What you need to know:
- As I settled in the large aircraft headed for Kenya, I could immediately tell that I was not the same person who boarded that aircraft a week earlier.
- The experiences had no doubt transformed me professionally.
- Surprise! surprise! In Sweden, you do not have to hide your phone; no one will snatch it.
Until last week, nothing could have convinced me that hearing someone speak in Kiswahili could be therapy. After a week in Sweden, however, seeing billboards and TV headlines written in a language I couldn’t read, the voice of a cabin crew announcer saying in their characteristic genial tone… “Tumeanza safari kutoka uwanja wa ndege wa Frankfurt kuelekea Nairobi, uwanja wa ndege wa Jomo Kenyatta…” made me want to stand up and dance – it was music to my ears.
As I settled in my 18A seat in the premium economy cabin of the large aircraft with a sitting capacity of 255 passengers, I could immediately tell that I was not the same person who boarded that aircraft a week earlier on my first trip out of Africa. I felt bolder, less frazzled, and more measured! The experiences of attending and networking at a global conference, interacting with senior journalists from across the world, and speaking on a panel had no doubt transformed me professionally.
As good luck would have it, the passenger next to me was a Tanzanian. It did not matter that I find the Tanzanian version of Kiswahili complicated. On that nine-hour flight, I was determined to only speak to my neighbour in Kiswahili – wrong tenses and all.
Here are some of my diary entries:
Entry 1 – September 19, 2023
Location: Frankfurt Airport, between 8 am and 9:30 am
The airport in Frankfurt is huge and intimidating, especially if it is your first time. I had a two-hour layover, before connecting to Gothenburg, in Sweden. All my attention was focused on the long queue that led to my boarding gate when I heard someone call my name. In Frankfurt? That could only be Kate, the coordinator from the organisation that invited me to Sweden. I hugged her excitedly. She said it was easy for her to identify me because I sent her a selfie before taking off from Nairobi.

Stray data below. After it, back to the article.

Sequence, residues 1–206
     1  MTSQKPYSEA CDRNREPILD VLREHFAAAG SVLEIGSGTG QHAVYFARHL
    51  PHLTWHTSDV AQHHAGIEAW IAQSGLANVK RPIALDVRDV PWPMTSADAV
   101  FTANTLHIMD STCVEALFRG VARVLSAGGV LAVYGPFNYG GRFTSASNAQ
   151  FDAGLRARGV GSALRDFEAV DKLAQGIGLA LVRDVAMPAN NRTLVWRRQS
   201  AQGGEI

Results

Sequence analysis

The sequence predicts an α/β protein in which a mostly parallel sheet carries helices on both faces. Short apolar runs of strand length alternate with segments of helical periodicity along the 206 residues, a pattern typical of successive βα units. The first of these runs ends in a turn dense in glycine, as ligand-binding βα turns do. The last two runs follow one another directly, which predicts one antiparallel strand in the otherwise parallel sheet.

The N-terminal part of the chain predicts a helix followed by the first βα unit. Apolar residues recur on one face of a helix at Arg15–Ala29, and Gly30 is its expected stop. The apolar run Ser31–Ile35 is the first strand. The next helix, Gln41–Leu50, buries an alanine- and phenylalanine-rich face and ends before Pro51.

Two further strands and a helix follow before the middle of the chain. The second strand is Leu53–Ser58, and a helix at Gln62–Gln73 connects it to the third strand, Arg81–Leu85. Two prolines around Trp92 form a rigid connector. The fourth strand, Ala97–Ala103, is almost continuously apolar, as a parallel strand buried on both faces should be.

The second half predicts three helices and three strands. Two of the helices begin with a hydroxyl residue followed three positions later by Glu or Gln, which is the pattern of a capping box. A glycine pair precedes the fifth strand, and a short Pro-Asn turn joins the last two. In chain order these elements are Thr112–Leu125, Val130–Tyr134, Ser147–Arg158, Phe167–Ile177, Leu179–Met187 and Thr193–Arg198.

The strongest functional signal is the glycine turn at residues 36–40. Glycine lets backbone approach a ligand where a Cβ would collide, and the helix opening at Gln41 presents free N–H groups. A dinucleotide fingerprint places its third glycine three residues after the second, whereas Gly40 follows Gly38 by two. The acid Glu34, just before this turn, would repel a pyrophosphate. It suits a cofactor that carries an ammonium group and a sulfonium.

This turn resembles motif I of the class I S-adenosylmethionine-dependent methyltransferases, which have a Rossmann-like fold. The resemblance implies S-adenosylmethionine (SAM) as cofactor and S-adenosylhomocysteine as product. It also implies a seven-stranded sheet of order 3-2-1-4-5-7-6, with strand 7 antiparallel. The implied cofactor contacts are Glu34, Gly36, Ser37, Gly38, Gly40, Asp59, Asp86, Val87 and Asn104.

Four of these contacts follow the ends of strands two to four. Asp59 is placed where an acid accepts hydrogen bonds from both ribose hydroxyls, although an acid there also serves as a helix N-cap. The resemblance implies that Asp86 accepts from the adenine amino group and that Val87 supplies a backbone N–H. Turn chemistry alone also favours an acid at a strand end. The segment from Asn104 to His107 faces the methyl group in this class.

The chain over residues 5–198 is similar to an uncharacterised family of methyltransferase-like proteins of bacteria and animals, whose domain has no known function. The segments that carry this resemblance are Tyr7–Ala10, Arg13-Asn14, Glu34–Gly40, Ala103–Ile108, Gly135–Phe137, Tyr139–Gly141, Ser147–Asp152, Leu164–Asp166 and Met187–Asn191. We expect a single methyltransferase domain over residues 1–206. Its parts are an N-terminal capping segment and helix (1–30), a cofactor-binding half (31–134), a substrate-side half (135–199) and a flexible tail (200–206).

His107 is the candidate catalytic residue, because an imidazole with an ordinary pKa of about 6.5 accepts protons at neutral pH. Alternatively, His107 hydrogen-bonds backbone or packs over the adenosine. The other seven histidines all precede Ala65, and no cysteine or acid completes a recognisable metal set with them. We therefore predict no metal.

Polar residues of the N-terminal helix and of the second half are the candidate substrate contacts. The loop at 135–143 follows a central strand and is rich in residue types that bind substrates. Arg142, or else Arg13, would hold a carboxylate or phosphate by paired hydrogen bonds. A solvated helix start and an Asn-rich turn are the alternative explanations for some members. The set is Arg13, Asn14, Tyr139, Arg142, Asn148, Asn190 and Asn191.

1. Adjust your clock to local time – if your phone doesn’t do that automatically. To be double sure, Google “current time in (city where you are)”. Germany is one hour behind Kenya and had I not been conscious of time, I would have confused my boarding time.
2. I also noticed that it takes at least an hour to walk from the plane, through the duty-free shops, and all the other shops and restaurants in the airport, past the passport control to the boarding gate. If you are travelling, be very conscious of time.
Entry 2 – September 20, 2023
Location: Gothenburg, outside the Swedish Exhibition Centre; between 9am and 10am
Gothenburg feels safe.
Guess what guys? In Sweden, traffic lights actually work – vehicles stop for people to cross the road! There is also a dedicated cycling path and, surprise! surprise! You do not have to hide your phone; no one will snatch it.
The streets were spotless and clean, with very low human traffic, except for the occasional cyclist or someone walking their dog.
Eventually, I got to the conference location. It was cold and chilly. There was a long queue getting in (because more than 2,000 people in one location for a conference is a lot). But what surprised me most was the fact that I was standing next to so many white people who were not speaking in English! Guys, tulichezwa! Ngugi wa Thiong’o’s suggestion that we write in our mother tongues suddenly makes sense, lol!
Lesson: Kiswahili is beautiful.
Entry 3 – September 20, 2023
Location: Gothenburg, the Swedish Exhibition Centre; between 12pm and 1pm
Apart from coffee machines and tea stations everywhere in the expansive conference venue, lunch was also provided.
I was excited to eat Swedish food. But when I got my pack of food, it was cold. I turned around, and there was no microwave – in fact, the person who picked his food after me was already eating! Cold food? Remember I said it was chilly right? I had been to the bathroom and the water to wash hands was warm, so it meant they understood the concept of heat. Why did they serve cold food? That was my biggest culture shock.
However, by the third day, the food tasted nice – I couldn’t decide whether it had grown tastier or I had just completed my adjustment process.
Lesson: In a new environment, give yourself time and grace to adjust. This does not even begin to scratch the surface of my experience in Sweden. But hopefully, provides a good view of Daisy’s World in Sweden, right?
The writer is the research & impact editor, NMG ([email protected])